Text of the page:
Yoku’s Island Express sounds like it would be a left-field pitch to a video game version of Dragon’s Den, if there ever was one: a pinball game, except it’s also a Metroidvania. I know, who in their right mind would think up that combination? But more importantly, how the hell did they achieve it, and so brilliantly?
The titular Yoku is a dung beetle who emigrates to Mokumana island in the hopes of having a relaxing life as a postman. Deliver a few letters here and there, and spend the rest of the time sipping cocktails on the beach – a masterplan, if there ever was one. But no such luck: when Yoku arrives he finds the postal service in absolute disarray, and even more troubling, a whole of drama involving ancient island gods.
As Yoku, you’ll explore Mokumana island to deliver mail while getting to the bottom of the trouble that’s afoot. It’s a platformer controlled partly with flippers, and that’s where the pinball element comes in, sending you whizzing around little circuits to collect fruits and ancient relics. It’s such a genius match, any initial doubts melt away in minutes.
74. Hellblade: Senua’s Sacrifice
A Norse adventure takes you and your warrior protagonist Senua on a journey to Helheim as you attempt to save the soul of your deceased lover. This isn’t your typical hack and slash fantasy game, though. In your bid to defeat the goddess Hela, you’ll have more than disfigured soldiers standing in your way. Senua also suffers from psychosis. While she believes her condition to be a curse, the unique focus ability it provides allows her to see the world around her differently, an integral mechanic in the game’s puzzle solving sections.
Of course, it’s not all superpowers. Hellblade developers Ninja Theory worked with a number of experts as well as people experiencing psychosis to develop a faithful representation of the condition. Voice acting offers the most obvious prowess in this design, with the voices in Senua’s head providing an almost constant soundtrack to the horrors she witnesses in the world around her as well as in her own mind. There’s so much going on in Hellblade it’s almost impossible to sum up, but all those layers of mystery and horror converge to create a symphony of artistic expression.
73. A Hat In Time
A Hat in Time is the playful story of a little girl and her spaceship. After losing her fuel mid-adventure – god, I hate it when that happens – she has to descend to a nearby planet where the Time Pieces have been scattered. It’s not exactly going to be as straight forward as to go pick them up, there’s a whole bunch of bad guys on the planet below standing in her way.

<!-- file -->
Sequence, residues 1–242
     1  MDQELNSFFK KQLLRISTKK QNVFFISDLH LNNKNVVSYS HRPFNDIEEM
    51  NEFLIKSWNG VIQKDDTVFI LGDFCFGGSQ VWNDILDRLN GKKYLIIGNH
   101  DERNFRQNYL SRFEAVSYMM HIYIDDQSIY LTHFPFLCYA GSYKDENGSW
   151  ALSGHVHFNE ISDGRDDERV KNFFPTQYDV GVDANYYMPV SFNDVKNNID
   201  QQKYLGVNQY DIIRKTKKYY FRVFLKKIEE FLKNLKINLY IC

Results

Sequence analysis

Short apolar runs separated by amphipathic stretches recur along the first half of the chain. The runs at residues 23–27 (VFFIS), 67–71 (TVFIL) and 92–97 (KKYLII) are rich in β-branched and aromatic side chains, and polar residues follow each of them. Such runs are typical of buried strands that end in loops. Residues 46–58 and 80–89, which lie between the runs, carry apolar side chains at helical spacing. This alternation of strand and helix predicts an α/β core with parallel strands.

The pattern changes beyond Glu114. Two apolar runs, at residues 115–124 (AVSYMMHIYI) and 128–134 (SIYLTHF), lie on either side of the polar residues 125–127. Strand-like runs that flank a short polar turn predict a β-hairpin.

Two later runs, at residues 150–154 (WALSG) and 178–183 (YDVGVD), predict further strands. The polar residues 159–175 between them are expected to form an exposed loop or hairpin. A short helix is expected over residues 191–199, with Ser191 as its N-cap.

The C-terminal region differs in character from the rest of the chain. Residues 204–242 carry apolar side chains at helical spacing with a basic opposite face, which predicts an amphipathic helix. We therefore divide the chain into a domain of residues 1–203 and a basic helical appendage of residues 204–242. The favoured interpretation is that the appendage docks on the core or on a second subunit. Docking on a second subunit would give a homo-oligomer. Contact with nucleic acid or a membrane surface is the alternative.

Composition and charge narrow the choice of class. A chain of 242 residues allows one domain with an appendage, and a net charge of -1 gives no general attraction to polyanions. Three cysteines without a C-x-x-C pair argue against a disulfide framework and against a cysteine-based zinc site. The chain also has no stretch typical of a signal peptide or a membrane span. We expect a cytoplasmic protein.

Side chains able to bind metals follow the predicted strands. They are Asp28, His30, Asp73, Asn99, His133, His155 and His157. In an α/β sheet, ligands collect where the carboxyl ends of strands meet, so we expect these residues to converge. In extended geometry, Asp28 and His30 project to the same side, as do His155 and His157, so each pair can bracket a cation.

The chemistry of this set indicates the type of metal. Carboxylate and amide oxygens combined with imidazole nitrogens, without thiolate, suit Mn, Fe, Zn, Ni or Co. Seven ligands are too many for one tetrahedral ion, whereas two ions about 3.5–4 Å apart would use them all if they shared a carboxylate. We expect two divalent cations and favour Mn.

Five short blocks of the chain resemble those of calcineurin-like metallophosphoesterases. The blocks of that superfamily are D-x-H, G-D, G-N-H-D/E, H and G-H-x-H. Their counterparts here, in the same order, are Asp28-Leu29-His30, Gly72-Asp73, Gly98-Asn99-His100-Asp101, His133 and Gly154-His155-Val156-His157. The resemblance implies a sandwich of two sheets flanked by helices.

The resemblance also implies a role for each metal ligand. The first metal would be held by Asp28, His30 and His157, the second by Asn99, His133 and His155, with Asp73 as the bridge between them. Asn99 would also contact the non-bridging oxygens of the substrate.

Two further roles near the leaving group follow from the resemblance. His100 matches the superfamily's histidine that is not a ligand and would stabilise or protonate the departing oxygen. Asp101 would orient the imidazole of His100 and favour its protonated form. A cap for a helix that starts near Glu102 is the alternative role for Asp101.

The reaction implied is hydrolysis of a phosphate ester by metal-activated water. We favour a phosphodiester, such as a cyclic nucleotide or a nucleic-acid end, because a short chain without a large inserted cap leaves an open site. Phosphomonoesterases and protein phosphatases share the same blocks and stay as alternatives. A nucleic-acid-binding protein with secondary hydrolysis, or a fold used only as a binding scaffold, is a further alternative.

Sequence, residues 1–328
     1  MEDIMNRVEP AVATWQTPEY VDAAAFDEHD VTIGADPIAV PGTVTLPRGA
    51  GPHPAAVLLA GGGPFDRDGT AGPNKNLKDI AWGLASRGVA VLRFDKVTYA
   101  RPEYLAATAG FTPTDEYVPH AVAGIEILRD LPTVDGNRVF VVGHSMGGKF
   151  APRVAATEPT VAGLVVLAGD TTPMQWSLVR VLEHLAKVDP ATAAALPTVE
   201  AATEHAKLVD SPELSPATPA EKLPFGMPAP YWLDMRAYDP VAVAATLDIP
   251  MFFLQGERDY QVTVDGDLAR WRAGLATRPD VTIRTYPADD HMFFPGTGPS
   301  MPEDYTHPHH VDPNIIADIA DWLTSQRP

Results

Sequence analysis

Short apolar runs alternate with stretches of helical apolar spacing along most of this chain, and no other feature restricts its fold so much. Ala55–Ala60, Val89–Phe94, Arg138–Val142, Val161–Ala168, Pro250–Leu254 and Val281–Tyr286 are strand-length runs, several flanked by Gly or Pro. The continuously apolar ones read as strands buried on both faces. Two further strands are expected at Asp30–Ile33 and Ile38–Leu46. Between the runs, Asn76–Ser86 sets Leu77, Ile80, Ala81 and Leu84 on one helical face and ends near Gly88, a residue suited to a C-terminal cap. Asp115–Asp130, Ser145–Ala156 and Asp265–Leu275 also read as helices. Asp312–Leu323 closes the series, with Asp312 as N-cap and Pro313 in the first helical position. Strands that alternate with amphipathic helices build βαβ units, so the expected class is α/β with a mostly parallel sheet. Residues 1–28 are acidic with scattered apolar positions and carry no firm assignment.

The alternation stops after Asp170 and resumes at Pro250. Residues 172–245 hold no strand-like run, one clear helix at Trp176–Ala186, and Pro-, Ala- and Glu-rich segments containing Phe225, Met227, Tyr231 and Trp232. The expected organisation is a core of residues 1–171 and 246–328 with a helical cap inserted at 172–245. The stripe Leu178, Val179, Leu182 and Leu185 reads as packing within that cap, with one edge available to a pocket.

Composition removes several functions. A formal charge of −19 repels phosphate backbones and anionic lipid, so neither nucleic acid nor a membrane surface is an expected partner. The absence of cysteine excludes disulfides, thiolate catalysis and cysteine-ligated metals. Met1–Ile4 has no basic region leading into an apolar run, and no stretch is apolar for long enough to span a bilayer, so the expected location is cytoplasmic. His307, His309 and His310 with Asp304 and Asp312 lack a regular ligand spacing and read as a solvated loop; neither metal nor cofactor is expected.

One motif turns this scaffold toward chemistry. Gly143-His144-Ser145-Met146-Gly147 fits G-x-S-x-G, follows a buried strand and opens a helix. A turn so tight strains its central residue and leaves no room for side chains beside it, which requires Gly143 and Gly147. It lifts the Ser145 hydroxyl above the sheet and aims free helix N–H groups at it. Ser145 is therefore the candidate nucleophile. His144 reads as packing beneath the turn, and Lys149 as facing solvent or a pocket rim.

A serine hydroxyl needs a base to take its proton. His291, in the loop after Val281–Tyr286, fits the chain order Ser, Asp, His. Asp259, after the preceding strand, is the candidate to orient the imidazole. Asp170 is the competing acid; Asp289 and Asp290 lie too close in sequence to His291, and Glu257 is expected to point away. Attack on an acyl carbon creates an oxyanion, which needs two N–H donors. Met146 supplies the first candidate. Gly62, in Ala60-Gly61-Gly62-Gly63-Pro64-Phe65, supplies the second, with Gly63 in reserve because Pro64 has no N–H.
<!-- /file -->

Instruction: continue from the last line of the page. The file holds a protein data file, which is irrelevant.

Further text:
Armed with her trusty, and stylish top hat, you’ll explore a vibrant world in this action-filled 3D platformer. It’s seld admittingly cute-as-heck with a hat full of charm to boot invoking many of the classic 3D platformers we all came to know and love. Exploring this vast and colourful world isn’t going to be easy but you have a host of magical powers at your disposal as you track down your missing Time Pieces and get back to what you do best, adventuring!
72. Her Story
Her Story isn’t a conventional video game. First up, the entire experience takes place on an old police desktop. Then there’s the fact that the only gameplay mechanic is tagging old interview footage. And finally, there’s the fact that there’s no graphics to speak of, just straight up full motion video.
And yet, Sam Barlow’s narrative delight keeps players on tenterhooks with much of the action taking place on whatever scraps of paper you have lying around your computer. You’re tasked with piecing together clips of interview footage that eventually tell the story of a grisly murder, ordering each snippet of footage by date and sorting by transcribed tags to get to the bottom of the mystery. Each tape is a tantalising window into the dramatic lives of Hannah and Simon Smith, the latter having gone missing prior to the game’s opening. While the design and direction of each snippet is intriguingly moreish, it’s the deft performance of Viva Seifert that will have you analysing every body movement and word in your sleuthing.
71. Prison Architect
Prison is definitely not fun, but it can be from the comfort of your own home in the form of a video game. If you’ve ever dreamed of mass incarcerating human beings on an industrial level in the most efficient way possible then you’re going to love this game. All jokes aside it is a really infinitely interesting game. There’s a reason why people are so obsessed with all those prison dramas on TV.
In Prison Architect, thankfully, you don’t play the role of a prison inmate. Instead, it is your earnest task to design, build and manage a maximum security facility. Much like many other management strategy games, you’ll have to keep your populace happy or you might lose more than your money. Prisons are a savvy bunch and if you do them wrong they’ll riot, revolt and destroy your hard work to rehabilitate the criminals of the world. It’s the sort of game where it’s 5 AM before you know it and only the first rays of sunlight remind you of your job outside of prison warden. Who’d have thought being locked up could offer so much freedom.